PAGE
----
The other books I finished reading in October are Set in Darkness by Ian Rankin, One Fine Day by Mollie Panter-Downes, which I’ll write about in another post.

Crossing To Safety by Wallace Stegner

Crossing to Safety was Wallace Stegner’™s last novel published when he was 78 years old. It’™s a beautiful, and thought provoking novel and I loved it. Unusually for me I read it straight through, on its own, abandoning the other books I’™m reading to concentrate on just this one book. It was well worth it. I was engrossed in the story and felt as though I was part of it ‘“ such is the power of Stegner’™s writing.
Crossing To Safety is a story about love, marriage, friendship, relationships, ambition, illness and death; in other words it’™s about life and death. I’™ve read a lot of good books recently, but without a doubt this is one of the best books I’™ve read this year. It has so much to say on many different themes that I’™m lost where to start in describing and considering its impact on me.

In essence, the novel recounts the lives of two couples who first met during the Depression in 1930s America and the joys and difficulties they encounter throughout their lives. Larry Morgan is the narrator and the events are seen through his eyes. Both he and Sid Lang have jobs in the English Department at the University of Wisconsin and their lives are intertwined from the moment they meet, when both their wives are pregnant. At the start of the novel we are told that Charity, Sid’™s wife is dying. Sally and Larry have travelled to Battell Pond in Vermont for a reunion with the Langs. Sally is in a wheelchair and from that point Larry looks back over their lives. Whereas in Angle of Repose Stegner depicts the American West, Crossing To Safety is set mainly in the landscape of northern New England, where the wilderness is seen as no less dangerous than in the West, particularly in the camping trip the Langs and the Morgans take. I had to get the atlas out to see where Wisconsin and Vermont are, as I had no idea of the distance between the two, nor the difference in the landscape.

Charity and Larry are the dominant characters. The Morgans’™ lives are changed by Sally’™s illness and at different stages in the book I thought, ‘œthis is what happened to Sally’, but it’™s not clear until about halfway through the book precisely why Sally is paralysed. Charity is the strong, ambitious, self-confident organiser, not only of her own life, but also those of her husband, children’™s and friends’™ lives. She take the direct ‘œcompass’ direction in whatever she does and her confidence is not undermined by others’™ doubts or different ideas. She knows what she wants and imposes her ambitions on Sid. However, she is also generous and wants her friends to share in their success and helps Larry and Sally both financially and socially.

As well as the low points of their lives the novel also recounts the happy and joyful experiences the couples encounter. The novel explores the complexity of human nature and meditates on the drama of everyday experience in quiet ‘œordinary’ situations ‘“ the stuff of life, how to live through the difficulties that life and death throw in all our paths. Most poignant, to me at least, are the descriptions of how the couples deal with ambition, the disappointments of failed ambition, illness and death.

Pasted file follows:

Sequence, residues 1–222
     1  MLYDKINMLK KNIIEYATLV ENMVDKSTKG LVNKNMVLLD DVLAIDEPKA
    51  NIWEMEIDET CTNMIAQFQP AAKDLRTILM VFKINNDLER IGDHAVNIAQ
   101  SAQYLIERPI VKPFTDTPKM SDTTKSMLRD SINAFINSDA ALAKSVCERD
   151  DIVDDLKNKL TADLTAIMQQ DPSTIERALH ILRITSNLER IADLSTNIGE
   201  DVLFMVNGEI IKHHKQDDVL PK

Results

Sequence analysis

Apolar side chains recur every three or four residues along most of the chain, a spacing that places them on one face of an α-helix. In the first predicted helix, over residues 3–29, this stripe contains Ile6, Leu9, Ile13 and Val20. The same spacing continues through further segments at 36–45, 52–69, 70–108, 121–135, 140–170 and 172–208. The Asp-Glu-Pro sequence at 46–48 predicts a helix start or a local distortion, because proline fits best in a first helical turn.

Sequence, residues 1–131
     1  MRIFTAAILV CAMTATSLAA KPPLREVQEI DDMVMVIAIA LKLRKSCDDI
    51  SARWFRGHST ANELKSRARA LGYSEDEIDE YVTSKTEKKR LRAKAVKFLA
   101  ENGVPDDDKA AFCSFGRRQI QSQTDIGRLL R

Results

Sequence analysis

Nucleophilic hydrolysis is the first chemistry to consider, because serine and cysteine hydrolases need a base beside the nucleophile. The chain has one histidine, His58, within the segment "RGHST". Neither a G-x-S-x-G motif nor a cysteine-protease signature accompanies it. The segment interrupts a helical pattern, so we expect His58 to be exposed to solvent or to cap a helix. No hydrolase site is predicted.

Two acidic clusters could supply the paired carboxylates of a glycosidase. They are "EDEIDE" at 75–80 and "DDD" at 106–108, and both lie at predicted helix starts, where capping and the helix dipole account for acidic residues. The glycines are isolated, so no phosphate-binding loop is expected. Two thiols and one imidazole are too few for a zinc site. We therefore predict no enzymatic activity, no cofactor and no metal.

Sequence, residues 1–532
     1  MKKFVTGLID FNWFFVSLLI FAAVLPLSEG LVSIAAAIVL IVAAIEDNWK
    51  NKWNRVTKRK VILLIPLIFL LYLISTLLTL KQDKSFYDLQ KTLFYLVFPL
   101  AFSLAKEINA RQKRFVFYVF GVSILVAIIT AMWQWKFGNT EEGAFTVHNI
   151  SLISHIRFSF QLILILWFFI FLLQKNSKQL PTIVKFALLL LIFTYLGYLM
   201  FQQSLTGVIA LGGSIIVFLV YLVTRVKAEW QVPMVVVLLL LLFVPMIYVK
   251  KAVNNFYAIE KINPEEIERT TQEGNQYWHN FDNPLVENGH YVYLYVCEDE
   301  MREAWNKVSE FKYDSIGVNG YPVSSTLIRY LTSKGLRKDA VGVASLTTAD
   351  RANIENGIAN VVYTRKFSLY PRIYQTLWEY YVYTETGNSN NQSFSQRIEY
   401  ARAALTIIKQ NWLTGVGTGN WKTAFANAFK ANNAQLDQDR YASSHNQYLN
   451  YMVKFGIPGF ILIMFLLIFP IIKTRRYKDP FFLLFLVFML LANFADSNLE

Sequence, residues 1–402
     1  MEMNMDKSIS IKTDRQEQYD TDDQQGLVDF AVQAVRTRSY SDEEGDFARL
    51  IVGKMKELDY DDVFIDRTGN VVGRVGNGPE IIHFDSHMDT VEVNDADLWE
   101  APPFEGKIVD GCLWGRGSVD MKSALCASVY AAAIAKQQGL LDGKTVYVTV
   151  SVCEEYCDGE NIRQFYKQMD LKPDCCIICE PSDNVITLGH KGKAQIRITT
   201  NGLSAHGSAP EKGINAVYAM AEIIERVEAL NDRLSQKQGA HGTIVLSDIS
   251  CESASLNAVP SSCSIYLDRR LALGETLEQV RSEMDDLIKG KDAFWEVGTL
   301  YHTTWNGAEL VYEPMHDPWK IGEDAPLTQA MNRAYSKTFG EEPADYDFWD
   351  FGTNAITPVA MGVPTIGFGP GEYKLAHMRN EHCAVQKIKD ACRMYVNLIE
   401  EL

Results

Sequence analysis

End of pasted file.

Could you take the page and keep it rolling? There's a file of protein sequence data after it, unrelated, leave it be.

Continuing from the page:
Larry meditates: ‘œAmbition is a path, not a destination, and it is essentially the same path for everybody. No matter what the goal is, the path leads through Pilgrim’™s Progress regions of motivation, hard work, persistence, stubbornness, and resilience under disappointment. Unconsidered, merely indulged, ambition becomes a vice; it can turn a man into a machine that knows nothing but how to run. Considered, it can become something else ‘“ pathway to the stars, maybe.’

Larry also provides some interesting insights into writing itself. He loves writing but also writes to help boost his income, whereas Sid wants to write poetry and is held back and criticised by Charity as she does not think this will help to advance his career. Larry and Sid discuss why writers write. Larry thinks writing “has to be free, it has to flow from the gift, not from outside pressures. The gift is its own justification, and there is no way of telling for sure, short of the appeal to posterity, whether it’s really worth something or whether it’s only the ephemeral expression of a fad or tendency, the articulation of a steroptype.”

The scenes where Charity explores how to approach her death not just for herself, but also for Sid and her family are touchingly realistic and heart-rending. She seemingly pushes Sid away as she prepares for death because she cannot cope with his reaction to her death; she knows she is not only Sid’™s support – she is his life. One of the most difficult questions we face is how we deal with the facts of death and the fear of death. When Sid is faced with the inevitability of Charity’™s death he asks Larry ‘œCould you survive without Sally?’ Whether Sid can survive without Charity is left unanswered. Although Larry hopes he will I’™m not so sure.

My copy is a library book; maybe this is a book I should buy as I would like to read it again sometime.The painful honesty of this book in portraying life’™s happiness, joy, pathos and sorrow is what touched me the most and makes it a book to remember and treasure.